A lot has already been written about Obama’s remarks on friday on the huge surveillance program “PRISM”. There are many interesting aspects in this speech, I can’t cover all points. But I want to pick up some quotes and dig a little bit into his logics and wording. And I provide a link to an interesting article about Obama’s awesome rethorics and charisma.
Obama (via Gizmodo):
- “Every member of Congress has been briefed on this program.”
- “What you’ve got is two programs that were originally authorized by Congress and repeatedly authorized by Congress.”
- “These are programs that have been authorized by broad bipartisan majorities repeatedly since 2006.”
- “You can’t have 100-percent security and then have 100-percent privacy.”
- “I don’t welcome leaks, there’s a reason these programs are classified.”
- “There are some tradeoffs involved.”
- “Modest encroachments on privacy.”
- “Your duly elected representatives have been consistently informed on exactly what we’re doing.”
So just to be clear: It’s okay because we’ve known about it all along.
Four Things Which Striked Me:
1. Obama in the end legitimizes the program with the necessity to trade in privacy and personal freedom for “security”. I commented here to this new logic we obey to. A principle got economized and thus is now something we think about in cost-benefit terms. I also think, we strikingly blunt get showed how the “war on terror” more and more moves towards domestic “folks” (in the words of Obama). A big trend in the “war on terror”. Apparently the typical guy of this dangerous “folks” is believed to use an iPhone, Gmail-account and is texting & skyping constantly with his other terrorist folks ;-).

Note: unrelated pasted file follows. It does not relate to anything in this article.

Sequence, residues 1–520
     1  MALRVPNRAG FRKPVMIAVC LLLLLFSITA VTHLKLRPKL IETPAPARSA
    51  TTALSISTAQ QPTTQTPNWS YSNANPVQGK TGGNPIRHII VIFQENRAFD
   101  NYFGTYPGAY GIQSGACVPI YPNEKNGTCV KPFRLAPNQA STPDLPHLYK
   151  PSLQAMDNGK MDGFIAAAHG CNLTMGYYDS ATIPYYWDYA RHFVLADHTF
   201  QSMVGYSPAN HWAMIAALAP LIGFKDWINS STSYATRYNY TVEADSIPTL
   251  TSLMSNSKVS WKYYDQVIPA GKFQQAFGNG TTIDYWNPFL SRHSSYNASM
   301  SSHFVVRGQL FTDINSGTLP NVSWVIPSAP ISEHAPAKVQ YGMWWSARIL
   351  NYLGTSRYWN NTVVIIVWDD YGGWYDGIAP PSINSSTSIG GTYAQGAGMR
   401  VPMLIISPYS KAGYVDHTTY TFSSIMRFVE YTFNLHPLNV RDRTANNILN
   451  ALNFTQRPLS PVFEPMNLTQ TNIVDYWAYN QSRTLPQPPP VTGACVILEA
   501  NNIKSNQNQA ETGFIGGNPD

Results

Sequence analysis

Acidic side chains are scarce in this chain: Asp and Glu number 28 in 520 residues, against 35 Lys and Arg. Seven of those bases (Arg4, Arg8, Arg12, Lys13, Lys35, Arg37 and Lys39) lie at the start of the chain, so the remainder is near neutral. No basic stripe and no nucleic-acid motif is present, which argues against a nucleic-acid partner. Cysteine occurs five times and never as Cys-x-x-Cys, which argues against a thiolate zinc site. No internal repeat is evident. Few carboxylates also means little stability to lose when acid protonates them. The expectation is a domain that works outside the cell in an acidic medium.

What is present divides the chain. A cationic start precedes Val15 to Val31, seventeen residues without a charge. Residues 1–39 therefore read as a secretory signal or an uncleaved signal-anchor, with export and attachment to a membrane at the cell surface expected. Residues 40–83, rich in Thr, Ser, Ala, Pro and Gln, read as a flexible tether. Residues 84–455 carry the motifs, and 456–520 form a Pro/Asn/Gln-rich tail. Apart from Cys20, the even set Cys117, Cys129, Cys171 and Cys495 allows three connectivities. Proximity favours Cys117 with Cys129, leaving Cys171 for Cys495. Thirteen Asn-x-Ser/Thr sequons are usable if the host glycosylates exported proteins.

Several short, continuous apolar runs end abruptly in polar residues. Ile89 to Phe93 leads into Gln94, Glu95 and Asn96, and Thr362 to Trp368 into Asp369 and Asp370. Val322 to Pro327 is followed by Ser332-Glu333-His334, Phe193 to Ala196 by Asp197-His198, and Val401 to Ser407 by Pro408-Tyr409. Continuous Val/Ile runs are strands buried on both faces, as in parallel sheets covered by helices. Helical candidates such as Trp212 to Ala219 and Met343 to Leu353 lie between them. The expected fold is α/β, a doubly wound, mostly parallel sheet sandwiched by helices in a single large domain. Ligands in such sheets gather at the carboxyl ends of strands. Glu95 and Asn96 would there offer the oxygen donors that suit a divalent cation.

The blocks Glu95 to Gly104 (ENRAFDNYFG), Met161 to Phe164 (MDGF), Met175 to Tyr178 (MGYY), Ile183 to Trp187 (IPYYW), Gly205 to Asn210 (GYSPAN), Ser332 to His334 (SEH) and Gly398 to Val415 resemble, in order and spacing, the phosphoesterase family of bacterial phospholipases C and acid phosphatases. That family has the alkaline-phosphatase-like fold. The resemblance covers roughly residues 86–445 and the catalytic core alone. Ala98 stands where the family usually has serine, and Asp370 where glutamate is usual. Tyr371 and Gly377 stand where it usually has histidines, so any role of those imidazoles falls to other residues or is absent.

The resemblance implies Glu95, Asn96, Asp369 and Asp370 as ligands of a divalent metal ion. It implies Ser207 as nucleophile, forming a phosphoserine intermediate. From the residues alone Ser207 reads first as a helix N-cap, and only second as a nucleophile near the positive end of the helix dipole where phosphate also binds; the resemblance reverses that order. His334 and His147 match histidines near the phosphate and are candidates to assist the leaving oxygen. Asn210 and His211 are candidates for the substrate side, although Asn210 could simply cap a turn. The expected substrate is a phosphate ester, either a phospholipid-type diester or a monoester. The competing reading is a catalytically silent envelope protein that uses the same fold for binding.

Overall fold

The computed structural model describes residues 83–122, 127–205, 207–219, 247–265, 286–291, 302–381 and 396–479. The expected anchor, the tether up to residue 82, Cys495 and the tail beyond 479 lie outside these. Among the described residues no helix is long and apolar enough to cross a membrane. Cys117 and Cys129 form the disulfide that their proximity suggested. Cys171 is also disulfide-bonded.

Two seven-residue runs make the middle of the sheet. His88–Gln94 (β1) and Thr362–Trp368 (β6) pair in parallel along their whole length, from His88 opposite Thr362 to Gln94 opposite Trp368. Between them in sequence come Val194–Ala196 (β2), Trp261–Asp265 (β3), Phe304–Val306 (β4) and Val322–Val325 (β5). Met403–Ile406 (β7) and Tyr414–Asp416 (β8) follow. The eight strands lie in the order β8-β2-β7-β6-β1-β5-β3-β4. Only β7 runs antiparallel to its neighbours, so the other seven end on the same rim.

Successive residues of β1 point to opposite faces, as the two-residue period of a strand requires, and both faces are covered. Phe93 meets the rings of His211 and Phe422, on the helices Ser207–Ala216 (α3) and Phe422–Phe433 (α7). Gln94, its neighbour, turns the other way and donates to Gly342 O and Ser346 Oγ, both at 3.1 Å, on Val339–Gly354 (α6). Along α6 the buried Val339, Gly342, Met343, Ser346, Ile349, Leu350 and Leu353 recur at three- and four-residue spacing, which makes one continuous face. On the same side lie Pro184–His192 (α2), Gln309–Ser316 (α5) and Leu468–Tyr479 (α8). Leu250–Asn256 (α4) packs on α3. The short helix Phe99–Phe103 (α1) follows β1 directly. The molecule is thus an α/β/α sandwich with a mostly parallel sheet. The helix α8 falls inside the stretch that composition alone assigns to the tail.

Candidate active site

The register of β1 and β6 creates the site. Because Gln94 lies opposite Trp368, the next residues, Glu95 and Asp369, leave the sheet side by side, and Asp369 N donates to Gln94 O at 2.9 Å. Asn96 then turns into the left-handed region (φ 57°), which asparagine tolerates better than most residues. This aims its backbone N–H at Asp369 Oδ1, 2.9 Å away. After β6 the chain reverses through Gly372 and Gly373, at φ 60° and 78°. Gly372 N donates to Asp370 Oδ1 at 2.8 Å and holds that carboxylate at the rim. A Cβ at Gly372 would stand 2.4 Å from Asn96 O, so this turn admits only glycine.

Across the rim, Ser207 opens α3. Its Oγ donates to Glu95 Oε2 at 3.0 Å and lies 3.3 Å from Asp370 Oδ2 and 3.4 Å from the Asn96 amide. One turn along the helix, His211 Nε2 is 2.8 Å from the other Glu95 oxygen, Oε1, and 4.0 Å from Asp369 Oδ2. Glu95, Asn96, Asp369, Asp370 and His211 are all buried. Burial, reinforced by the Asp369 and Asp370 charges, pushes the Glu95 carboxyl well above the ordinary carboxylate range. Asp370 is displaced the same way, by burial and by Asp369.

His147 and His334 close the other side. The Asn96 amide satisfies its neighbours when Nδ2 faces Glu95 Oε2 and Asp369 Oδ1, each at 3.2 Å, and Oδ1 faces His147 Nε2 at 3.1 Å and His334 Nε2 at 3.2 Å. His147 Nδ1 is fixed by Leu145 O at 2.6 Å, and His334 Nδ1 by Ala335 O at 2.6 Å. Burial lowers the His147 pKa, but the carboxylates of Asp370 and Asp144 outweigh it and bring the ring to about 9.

2. Another logic unveils – the one which says, “because you all knew it”, it is legitimized. In other words, because the public (or their representatives) were able to see what was going on but did not intervene, it was ok. That makes me hope we’ll never see Angela Merkel using this logic because it strikes me very much, how she consistently chooses her words very deliberately. Ex-Post she rarely lies and could (never did yet) claim it was obvious if you just would have been attentive. Just like in a Agatha Christie novel. Let me quickly digress here for an example: Check what Merkel said about the insurance deposit in 2008. She was never saying that the deposits were actually safe. In exact words she said:
„Wir sagen den Sparerinnen und Sparern, dass ihre Einlagen sicher sind.“
This was later turned into a “deposit insurance” by the media. In a 2010 Interview in the prominent journal “Spiegel”, Finance Minister Steinbrück admitted that it was all a big hoax (emphasis added):
SPIEGEL: Waren Sie sich in diesem Moment eigentlich aller Konsequenzen dieser Erklärung bewusst?
Steinbrück: Wir [Merkel and him] wussten, dass wir uns auf dünnem Eis bewegen. Um es deutlich zu sagen: Für eine solche Zusage fehlte uns eigentlich die Legitimation. Es gab keine Rechtsgrundlage und keinen parlamentarischen Rückhalt. Ich wundere mich bis zum heutigen Tag, dass die Parlamentarier hinterher nie gefragt haben: Um Gottes willen, was habt ihr da eigentlich gemacht?
3. When Obama was referring to automatically (unrestrained) access to content of people, he never forgot to say “US Citizens”. Which makes me wonder, if his statement isn’t valid for everybody else. E.g: